I don’t believe in a binary world. It’s rarely “either/or,” black or white, good or evil. People who live without ambiguity are probably happy, but I’m betting that they’re also undesirable dinner guests or life partners.
I wanted to pull my hair out every time someone would tell me in the run-up to the election, “You have to vote for Trump” or “You have to vote for Hillary” because not voting for him meant a win for her (or vice versa). They said it was a binary choice. Lazy thinkers.
And I’m still pulling my hair out. My conservative friends agree with me that feminists are hypocritical in the way they trash women they don’t like. They nod in recognition when I write that mean-spirited jealousy is at the root of the snarky comments about Ivanka Trump. They understand that attacks on Melania Trump, as in suggestions by a New York Times reporter that she was a prostitute, are misogynistic slander. They see the institutional attempts to destroy Kellyanne Conway, a woman who really did break the glass ceiling, as fear and resentment.
But when I start saying Trump shouldn’t have tweeted about his daughter’s business, Melania needs to get her shapely butt to D.C., and Kellyanne needs to study up on her massacres, at most I get silence.
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Liberals are equally hypocritical. They rail against Trump for making fun of people with disabilities, yet viciously attack the president’s son with accusations of autism. They accuse Trump of being abusive to women, but snort Chablis through their noses when they watch “Saturday Night Live” portray Conway as a homicidal, mentally deranged slut.
I suppose it’s part of our tribal beginnings. People like to belong to something: a family, a team, a political party. And to be a part of one thing, we have to be against something else. It’s as old as the Hebrews and Pharaoh, just without the locusts and the lamb’s blood.
The problem with this institutional cheerleading is that it isn’t good for personal integrity. That’s because no group is always righteous, always on the side of the angels. So if we refuse to criticize our own people when they are so wrong it makes your teeth hurt, we look dishonest. What’s worse, we look like fools.
For example, there’s a suggestion from some snooty, self-absorbed progressives that Trump is not a smart man. The haters have to tear him down, attack his intelligence, question his savvy.
Pathetic. I said the same thing when conservatives attacked Obama’s cred as a constitutional scholar. Both are smart men, but the partisan acolytes will insist on tearing them down. The tribal beast must be fed.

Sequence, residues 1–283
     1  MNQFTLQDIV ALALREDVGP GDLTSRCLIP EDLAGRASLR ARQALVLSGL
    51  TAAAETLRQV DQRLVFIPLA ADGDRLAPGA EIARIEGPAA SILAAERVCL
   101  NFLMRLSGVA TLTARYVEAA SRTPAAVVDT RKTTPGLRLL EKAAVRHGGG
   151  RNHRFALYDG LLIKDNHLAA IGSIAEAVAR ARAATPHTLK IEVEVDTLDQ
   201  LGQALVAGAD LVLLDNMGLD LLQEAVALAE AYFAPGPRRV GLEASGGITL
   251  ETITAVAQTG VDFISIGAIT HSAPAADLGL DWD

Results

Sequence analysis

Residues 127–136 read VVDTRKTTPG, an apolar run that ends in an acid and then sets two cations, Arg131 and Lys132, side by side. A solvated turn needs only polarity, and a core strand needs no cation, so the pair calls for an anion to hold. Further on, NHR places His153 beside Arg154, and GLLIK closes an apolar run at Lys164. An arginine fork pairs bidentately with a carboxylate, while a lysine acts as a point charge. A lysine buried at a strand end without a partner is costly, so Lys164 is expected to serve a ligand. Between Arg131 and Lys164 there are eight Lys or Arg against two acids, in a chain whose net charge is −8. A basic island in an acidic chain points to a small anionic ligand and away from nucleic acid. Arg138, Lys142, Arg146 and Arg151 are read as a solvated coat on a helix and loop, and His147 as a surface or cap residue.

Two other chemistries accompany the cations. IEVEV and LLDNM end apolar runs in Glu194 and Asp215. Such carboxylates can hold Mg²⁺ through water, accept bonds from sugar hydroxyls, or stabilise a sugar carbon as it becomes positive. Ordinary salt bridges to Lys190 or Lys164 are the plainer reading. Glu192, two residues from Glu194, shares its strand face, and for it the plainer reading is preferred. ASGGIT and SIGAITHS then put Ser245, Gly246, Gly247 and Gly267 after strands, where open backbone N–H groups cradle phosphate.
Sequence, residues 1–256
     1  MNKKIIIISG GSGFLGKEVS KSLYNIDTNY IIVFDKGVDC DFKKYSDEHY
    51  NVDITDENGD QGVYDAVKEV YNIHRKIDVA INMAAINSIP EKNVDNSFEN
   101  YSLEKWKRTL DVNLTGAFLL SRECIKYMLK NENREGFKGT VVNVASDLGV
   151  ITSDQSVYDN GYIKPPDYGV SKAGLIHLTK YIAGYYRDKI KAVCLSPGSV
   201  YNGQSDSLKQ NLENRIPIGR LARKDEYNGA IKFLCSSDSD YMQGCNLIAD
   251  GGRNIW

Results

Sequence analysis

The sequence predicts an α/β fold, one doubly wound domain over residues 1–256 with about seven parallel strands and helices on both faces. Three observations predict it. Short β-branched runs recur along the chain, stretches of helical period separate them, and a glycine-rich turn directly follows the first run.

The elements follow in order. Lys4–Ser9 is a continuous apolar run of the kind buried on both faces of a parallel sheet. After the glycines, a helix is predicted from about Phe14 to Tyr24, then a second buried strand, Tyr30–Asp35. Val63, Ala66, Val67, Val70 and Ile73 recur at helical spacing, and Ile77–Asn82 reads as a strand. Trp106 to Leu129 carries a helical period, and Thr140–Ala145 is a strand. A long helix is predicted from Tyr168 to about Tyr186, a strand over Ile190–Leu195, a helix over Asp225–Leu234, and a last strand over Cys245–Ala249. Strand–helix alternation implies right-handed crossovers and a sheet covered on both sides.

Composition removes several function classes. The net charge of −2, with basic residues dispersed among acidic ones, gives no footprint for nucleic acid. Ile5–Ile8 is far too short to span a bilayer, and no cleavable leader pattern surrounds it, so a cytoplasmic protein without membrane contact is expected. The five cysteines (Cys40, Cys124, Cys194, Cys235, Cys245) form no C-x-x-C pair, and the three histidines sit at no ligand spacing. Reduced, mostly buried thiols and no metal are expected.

And that beast was growling for red meat last week, and the conservatives were the ones feeding him. Not all conservatives, as we will see. Perhaps not even a majority. But too many for my comfort.
On Feb. 13, Mike Flynn resigned as national security adviser. Or rather, he was fired. It was a more elegant firing than the type Trump is used to serving up, and it was done that way to save face for a loyal foot soldier. But Flynn clearly didn’t go willingly.
The former NSA chief had improper, and possibly illegal, discussions about sanctions with the Russian ambassador before Trump was inaugurated. He lied about those discussions. He made Vice President Pence look like an uninformed idiot, which makes me particularly angry.
And then, it comes out that Trump knew about Flynn’s lie two weeks before, knew that he was open to blackmail from Russia, knew that he’d made a fool of the VP. He knew all this and did nothing until the press got a hold of the information through a leak.
My conservative friends started circling the wagons right from the start. I saw it happening and thought, “No, no, they’re not going to do this after months of skewering Hillary for her carelessness.” Not that I blamed them.
But this Flynn business was similar, despite their denials, and I was sad to see the immediate circling of the wagons to excuse both Flynn and Trump.
I’m sure many of the president’s defenders are doing this as a strategic stand against the Democrats. It’s a mixture of loyalty, defiance and self-preservation. I get the need to provide a united front against philistines such as Chuck Schumer and Elizabeth Warren. Heck, frustrating them is a joyful art.
But let’s be serious. No objective observer can defend the conduct of Flynn or the president.
It’s hardly Watergate, but it’s a troubling prelude to future scandals if this type of fly-by-the-pants attitude becomes the normal M.O.
And while I’m as troubled as anyone about the leaks from the ship of state, I’m not impressed with conservative attempts to deflect attention from Flynn’s loose lips and Trump’s tightly sealed ones.
Just because someone is on your team doesn’t mean he or she gets a pass for unsportsmanlike conduct.
I was happy to see some Senate Republicans have guts and integrity enough to say an investigation is in order. The House could take some lessons from them.
It pains me to call out my homies, who probably will want to expel me from the tribe. But the time for closing our eyes to incompetence and venality, the same things we criticized in the “other,” is over.
We need to find our inner integrity, find out what the hell happened here, make accountable those who fell short of their sacred duties and stop living in a binary universe.
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